Religion and Faith in the Time of Covid-19

By: Mahmoud Kamel

  • | Thursday, 15 April, 2021
Religion and Faith in the Time of Covid-19

     Humanity has been struck by many pandemics over the last decades, and history shows that such pandemics have impacted, positively and negatively, human being on many levels: socially, politically, economically and, most notably, religiously. Research demonstrates that religious attitudes are changeable in times of pandemics. Some people may come closer to religion believing that it is the only path of salvation in these times, while others can go unreligious instead. But, before we address how people react to pandemics, we need first to shed light on the aspects of religious life before and after pandemics.
Religious Situation Before and After Covid-19
Quick look at religious life around the world before Covid-19 outbreak illustrates that people observed their rituals, performed prayers, attended congregations and went to places of worship freely without any limitations. We saw many religious people –Muslims, Christians and Jews- engaging in various activities, organizing events and conferences and using certain occasions to gather as many people as they can.
However, the pandemic led people around the world to a state of panic and horror due to its disastrous consequences on their lives to the extent that some people believe the world will not be as it was before the pandemic. After the World Health Organization (WHO) had announced covid-19 an international pandemic, countries began to take some actions to help put an end to it. They launched awareness campaigns; imposed national lockdown, social distancing, curfew and masks; closed places of worship and banned gatherings. These measures actively contributed to reducing the numbers of infected cases around the world and people started to act accordingly.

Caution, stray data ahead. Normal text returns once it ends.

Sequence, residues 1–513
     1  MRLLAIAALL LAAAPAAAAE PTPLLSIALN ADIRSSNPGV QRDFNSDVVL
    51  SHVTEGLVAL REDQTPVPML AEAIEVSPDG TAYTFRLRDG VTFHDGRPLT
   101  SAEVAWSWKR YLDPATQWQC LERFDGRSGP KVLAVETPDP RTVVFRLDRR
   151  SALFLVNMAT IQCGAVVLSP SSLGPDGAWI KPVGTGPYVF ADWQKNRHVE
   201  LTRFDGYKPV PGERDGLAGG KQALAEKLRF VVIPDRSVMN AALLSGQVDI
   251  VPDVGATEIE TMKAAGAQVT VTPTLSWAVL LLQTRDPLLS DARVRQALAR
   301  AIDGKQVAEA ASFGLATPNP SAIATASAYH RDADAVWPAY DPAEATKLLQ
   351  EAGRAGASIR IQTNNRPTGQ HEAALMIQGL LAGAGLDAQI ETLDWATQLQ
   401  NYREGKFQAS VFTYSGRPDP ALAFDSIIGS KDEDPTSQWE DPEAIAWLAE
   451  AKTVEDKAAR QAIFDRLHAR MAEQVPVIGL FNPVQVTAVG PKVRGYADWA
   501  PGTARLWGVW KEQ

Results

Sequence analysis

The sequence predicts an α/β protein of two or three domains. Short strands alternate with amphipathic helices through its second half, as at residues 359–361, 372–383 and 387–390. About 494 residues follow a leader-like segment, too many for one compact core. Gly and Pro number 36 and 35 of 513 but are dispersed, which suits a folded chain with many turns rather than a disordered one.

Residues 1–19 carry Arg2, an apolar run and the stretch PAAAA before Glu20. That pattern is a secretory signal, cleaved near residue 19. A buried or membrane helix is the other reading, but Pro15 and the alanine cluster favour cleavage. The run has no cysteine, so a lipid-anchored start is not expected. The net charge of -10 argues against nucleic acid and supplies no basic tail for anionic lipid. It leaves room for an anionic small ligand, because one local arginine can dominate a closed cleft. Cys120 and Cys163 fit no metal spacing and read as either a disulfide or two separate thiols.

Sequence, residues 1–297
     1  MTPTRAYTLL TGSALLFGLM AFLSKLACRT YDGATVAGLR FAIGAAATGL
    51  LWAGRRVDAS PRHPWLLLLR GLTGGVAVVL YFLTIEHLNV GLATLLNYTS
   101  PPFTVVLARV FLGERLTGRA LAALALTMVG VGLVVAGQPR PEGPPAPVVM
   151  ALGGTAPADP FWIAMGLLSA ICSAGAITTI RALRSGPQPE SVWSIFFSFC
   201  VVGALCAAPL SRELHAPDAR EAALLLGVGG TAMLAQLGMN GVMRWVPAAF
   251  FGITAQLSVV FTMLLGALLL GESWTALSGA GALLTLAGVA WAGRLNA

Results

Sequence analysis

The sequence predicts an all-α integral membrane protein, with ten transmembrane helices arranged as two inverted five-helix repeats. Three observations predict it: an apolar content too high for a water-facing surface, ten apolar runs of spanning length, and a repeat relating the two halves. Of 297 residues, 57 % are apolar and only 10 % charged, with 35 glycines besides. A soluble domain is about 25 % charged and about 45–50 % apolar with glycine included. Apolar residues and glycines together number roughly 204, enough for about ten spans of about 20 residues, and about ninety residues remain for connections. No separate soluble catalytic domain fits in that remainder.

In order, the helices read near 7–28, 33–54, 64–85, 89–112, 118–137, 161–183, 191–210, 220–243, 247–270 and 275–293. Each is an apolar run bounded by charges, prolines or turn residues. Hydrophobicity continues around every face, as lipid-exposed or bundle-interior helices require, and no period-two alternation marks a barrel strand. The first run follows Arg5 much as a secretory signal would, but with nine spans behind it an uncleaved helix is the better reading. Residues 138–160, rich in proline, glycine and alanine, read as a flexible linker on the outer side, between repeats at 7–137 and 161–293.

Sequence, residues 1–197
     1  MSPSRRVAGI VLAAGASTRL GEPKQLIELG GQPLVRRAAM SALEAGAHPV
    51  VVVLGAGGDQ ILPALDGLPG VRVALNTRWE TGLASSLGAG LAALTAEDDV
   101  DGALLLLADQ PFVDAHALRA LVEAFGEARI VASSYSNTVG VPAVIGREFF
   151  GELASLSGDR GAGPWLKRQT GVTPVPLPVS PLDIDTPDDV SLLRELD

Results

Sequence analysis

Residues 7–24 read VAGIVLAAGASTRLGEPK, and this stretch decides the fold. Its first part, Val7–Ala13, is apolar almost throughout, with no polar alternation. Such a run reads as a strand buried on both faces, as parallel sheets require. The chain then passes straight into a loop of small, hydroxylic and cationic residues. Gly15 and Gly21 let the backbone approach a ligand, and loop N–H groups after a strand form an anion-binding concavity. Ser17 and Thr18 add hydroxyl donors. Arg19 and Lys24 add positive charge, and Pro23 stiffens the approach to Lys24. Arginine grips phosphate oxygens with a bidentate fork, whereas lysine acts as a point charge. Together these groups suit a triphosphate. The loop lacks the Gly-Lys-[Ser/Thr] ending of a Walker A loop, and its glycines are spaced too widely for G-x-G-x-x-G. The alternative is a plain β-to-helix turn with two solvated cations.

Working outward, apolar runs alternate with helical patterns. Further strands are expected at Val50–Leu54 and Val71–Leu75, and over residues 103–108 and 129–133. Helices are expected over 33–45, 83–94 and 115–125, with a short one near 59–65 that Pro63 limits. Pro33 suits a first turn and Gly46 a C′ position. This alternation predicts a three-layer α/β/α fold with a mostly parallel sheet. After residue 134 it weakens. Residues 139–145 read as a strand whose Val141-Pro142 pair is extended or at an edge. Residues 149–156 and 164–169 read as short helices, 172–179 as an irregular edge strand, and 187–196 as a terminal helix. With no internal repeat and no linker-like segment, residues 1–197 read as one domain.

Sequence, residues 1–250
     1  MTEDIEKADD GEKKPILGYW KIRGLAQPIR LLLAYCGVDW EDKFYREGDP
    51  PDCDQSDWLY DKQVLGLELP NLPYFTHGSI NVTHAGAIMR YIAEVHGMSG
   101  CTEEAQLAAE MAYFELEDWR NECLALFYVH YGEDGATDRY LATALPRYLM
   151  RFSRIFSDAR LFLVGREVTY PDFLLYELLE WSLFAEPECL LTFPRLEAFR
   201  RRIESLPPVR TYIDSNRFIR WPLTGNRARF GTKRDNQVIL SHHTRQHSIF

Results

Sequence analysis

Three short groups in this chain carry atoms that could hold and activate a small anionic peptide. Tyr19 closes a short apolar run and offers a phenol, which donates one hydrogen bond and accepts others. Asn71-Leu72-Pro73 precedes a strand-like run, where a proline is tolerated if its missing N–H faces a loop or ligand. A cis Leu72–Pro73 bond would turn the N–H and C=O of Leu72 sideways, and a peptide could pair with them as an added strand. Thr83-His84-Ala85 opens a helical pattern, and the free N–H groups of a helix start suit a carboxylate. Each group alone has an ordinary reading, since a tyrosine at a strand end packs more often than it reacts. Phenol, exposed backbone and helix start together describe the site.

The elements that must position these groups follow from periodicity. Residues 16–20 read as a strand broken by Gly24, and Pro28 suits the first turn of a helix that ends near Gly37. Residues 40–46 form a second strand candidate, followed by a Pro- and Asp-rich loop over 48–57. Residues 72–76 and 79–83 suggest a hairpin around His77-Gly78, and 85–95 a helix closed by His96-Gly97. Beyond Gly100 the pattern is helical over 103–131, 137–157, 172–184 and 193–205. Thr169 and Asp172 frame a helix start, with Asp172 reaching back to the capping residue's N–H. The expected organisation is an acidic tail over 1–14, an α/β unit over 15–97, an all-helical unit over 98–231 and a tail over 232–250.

How Terrorist Organizations Used Covid-19?
Various extremist organizations used Covid-19 as a means to spread hatred and commit violence.  Extremists have been consistently and actively taking advantage of hard times to spread panic and fear and reach out to larger portions of followers in order to maximize the benefits of their misguided strategies, ideas and ideologies. While people around the world started to stay at home to limit the spread of the virus, terrorist groups exploited the situation and increased the circulation of fake news, false information, conspiracy theories and online radical publications to get more and more followers.
Boko Haram, for instance, exploited the deteriorated situation in some African countries to commit violent acts and make political, social or religious changes in the areas under its control due to the poor efforts made in monitoring and capturing terrorists there as well as lack of border restrictions between countries . In addition, ISIS addressed its followers by describing the pandemic as “God’s soldier” that seeks to retaliate from the western countries, ignoring that the virus infects all people regardless of their color, race or religion. Moreover, the deviant group aspired to regain its control in Iraq and Syria to reclaim the allegedly Caliphate which it called upon Muslims around the world to join, using the global race to develop vaccines to create favorable conditions necessary to its reemergence as many reports have shown that the group has moved from local intimidation to more complex attacks in Iraq and Syria .